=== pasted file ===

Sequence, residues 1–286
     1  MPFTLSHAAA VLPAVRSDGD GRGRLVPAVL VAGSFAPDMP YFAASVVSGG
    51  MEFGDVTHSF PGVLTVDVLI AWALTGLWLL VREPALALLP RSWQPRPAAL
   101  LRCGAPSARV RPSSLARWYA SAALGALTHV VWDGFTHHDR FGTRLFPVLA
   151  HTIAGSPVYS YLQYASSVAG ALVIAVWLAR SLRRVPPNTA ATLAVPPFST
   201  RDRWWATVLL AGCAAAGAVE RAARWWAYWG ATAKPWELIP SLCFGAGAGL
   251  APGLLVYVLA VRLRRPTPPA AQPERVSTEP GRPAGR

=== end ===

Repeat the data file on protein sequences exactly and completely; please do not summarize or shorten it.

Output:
Sequence, residues 1–286
     1  MPFTLSHAAA VLPAVRSDGD GRGRLVPAVL VAGSFAPDMP YFAASVVSGG
    51  MEFGDVTHSF PGVLTVDVLI AWALTGLWLL VREPALALLP RSWQPRPAAL
   101  LRCGAPSARV RPSSLARWYA SAALGALTHV VWDGFTHHDR FGTRLFPVLA
   151  HTIAGSPVYS YLQYASSVAG ALVIAVWLAR SLRRVPPNTA ATLAVPPFST
   201  RDRWWATVLL AGCAAAGAVE RAARWWAYWG ATAKPWELIP SLCFGAGAGL
   251  APGLLVYVLA VRLRRPTPPA AQPERVSTEP GRPAGR